Tennis takes action against grunters (but it's too late to silence Sharapova)

view gallery VIEW GALLERY

Wimbledon has asked the professional game to do something about it, Michael Stich once called it "disgusting, ugly, unsexy", while world No 1 Caroline Wozniacki says it can adversely affect an opponent and that some players do it deliberately. With spectators and television viewers increasingly put off by the grunting and shrieking of several female players, the Women's Tennis Association is seeking to reduce the decibel levels on court.

Stacey Allaster, chairman and chief executive of the body that runs the women's tour, revealed at the season-ending WTA Championships in Istanbul that young players are to be targeted. One of the first moves will be to talk to juniors at Nick Bollettieri's academy in Florida, which has produced some of the game's noisiest players – although Mr Bollettieri insists he and his coaches have never encouraged players to grunt.

Ms Allaster said the WTA had noticed a "slight increase" in fans' complaints about grunting. "On that basis, we should look at it," she said. "The athletes of today have trained their entire lives and prepared to compete the way they do. So [we need] some education with the juniors. We're working with the International Tennis Federation. Our team will go down to Bollettieri's and meet coaches and young players."

Grunting had been "part of our sport for years", Ms Allaster said, but improved technology had made television viewers in particular more aware of it. "There are more microphones out there, there's digital-quality of sound and it is amplified," she said. "Grunting is a normal part of our sport. The guys are grunting as well. But our female DNA transmits it in a different way."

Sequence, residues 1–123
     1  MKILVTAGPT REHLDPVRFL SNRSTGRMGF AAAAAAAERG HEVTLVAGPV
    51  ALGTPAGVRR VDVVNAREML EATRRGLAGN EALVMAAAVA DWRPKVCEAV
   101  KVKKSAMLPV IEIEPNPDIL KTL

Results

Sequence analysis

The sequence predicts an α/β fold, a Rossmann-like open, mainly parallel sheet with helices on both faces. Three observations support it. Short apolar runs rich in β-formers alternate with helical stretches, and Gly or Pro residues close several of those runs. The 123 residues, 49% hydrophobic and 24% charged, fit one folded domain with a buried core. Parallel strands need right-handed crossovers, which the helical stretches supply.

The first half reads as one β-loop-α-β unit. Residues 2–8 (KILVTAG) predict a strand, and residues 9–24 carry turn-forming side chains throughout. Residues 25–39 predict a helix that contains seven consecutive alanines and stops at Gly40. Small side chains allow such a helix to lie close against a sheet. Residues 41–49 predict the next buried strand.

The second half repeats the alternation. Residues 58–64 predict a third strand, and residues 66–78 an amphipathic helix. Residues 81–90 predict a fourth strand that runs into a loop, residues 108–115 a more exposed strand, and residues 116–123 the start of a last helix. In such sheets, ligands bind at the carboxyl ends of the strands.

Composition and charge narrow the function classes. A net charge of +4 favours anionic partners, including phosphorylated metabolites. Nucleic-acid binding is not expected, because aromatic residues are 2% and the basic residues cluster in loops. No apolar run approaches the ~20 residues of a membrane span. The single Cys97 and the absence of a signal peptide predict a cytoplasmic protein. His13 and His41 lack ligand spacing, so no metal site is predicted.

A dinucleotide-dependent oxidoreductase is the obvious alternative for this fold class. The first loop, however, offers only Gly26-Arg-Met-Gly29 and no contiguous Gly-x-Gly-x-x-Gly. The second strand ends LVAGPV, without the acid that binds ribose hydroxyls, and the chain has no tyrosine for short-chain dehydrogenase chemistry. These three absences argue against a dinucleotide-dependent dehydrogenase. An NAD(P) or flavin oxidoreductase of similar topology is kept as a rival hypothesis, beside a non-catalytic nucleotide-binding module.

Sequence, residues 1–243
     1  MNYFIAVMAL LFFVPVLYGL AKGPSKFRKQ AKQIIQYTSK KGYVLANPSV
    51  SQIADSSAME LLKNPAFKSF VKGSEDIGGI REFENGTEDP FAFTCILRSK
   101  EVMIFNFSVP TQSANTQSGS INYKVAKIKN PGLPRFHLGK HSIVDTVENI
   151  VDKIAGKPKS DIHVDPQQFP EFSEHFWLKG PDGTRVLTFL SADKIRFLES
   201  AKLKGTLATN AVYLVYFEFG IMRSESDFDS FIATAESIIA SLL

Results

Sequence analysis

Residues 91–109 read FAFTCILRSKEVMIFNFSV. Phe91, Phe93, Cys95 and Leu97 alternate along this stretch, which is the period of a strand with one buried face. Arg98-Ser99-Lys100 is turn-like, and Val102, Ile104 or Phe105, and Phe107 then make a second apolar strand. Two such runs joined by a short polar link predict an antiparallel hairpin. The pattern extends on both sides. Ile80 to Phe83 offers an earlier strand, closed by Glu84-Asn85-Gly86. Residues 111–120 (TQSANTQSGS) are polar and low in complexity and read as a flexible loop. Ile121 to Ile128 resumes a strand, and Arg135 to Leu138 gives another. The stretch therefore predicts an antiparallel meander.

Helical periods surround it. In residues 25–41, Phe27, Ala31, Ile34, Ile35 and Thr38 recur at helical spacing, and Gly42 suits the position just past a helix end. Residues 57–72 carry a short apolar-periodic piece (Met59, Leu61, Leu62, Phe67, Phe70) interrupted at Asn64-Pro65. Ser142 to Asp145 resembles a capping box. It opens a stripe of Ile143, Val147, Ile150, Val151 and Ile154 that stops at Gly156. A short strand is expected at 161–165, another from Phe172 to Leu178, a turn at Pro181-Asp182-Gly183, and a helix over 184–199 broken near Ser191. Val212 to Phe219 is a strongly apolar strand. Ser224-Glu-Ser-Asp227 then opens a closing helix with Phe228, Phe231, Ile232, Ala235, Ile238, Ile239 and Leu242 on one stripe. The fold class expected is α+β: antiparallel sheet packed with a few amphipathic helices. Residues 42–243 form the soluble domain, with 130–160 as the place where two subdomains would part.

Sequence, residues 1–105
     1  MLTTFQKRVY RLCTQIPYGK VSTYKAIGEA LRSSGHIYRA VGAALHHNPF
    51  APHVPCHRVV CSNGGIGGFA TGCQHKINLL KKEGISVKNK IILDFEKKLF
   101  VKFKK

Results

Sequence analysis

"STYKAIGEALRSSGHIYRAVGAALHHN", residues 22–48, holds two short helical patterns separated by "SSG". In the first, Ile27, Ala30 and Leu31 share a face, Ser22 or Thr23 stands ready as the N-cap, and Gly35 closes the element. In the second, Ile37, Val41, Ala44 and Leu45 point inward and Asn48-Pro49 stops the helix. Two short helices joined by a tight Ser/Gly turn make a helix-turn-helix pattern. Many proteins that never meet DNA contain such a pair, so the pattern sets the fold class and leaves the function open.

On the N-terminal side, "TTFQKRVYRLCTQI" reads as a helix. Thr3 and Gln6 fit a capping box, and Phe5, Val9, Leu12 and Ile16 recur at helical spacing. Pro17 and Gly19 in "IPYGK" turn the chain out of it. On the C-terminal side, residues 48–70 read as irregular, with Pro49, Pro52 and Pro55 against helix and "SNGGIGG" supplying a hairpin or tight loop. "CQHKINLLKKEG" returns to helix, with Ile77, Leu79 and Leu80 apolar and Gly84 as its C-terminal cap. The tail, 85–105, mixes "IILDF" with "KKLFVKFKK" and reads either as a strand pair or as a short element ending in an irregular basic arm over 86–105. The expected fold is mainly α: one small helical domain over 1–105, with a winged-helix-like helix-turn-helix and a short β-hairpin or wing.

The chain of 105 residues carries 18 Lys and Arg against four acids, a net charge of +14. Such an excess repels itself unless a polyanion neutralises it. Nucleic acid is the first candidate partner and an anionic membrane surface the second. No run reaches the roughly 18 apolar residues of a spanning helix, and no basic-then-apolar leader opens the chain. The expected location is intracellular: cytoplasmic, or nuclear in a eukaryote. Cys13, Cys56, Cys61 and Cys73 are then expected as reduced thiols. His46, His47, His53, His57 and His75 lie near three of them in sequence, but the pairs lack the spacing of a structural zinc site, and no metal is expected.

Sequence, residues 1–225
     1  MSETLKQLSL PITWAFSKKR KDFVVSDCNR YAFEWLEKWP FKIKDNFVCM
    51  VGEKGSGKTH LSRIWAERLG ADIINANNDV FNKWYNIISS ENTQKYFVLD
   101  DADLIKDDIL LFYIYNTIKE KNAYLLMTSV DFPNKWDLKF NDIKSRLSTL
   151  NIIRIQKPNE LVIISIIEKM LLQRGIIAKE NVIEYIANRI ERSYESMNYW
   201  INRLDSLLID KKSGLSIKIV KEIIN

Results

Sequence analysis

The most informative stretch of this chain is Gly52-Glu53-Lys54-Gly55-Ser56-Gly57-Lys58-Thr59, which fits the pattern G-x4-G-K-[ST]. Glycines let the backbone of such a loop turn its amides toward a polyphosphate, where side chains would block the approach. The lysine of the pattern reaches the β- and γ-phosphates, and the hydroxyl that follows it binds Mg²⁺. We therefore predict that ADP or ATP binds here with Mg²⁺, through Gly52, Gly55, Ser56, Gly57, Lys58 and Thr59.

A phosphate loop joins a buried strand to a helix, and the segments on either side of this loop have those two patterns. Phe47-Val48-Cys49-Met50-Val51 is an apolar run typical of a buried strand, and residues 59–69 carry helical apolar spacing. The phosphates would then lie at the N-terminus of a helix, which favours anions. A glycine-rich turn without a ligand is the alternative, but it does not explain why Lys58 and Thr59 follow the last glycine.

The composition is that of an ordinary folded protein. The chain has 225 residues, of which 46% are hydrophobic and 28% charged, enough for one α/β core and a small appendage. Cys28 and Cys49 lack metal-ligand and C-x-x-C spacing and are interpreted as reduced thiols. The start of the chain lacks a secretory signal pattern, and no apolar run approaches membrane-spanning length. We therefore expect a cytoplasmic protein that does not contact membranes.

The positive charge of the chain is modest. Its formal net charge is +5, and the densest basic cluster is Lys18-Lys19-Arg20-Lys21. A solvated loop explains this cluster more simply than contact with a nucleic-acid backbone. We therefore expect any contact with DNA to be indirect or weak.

While there are men who grunt – Rafael Nadal is a notable groaner – it is the pitch of the noise made by some of the women that has particularly grated with fans. Victoria Azarenka, the world No 4 from Belarus, lets out high-pitched wails, each of which can last a second and a half, while former Wimbledon champion Maria Sharapova's grunt is more like a shriek or a scream.

Sharapova trained at the Bollettieri academy, as did nine-time grand slam winner Monica Seles, one of the earliest of the modern grunters. Portuguese player Michelle Larcher de Brito, who at 18 is one of the youngest of today's screamers, is also a Bollettieri product.

Grunters usually say the noise comes naturally to them, as part of their action in hitting a shot. But the normally easy-going Wozniacki – who is not a grunter – does not believe that is always the case. "I think there are some players who do it on purpose," the Dane said. "They don't do it in practice, they come in the match and they grunt. I think they could definitely cut it. I don't mind doing a bit of grunting or something if it's natural, or like Rafa grunting because he's putting the effort in."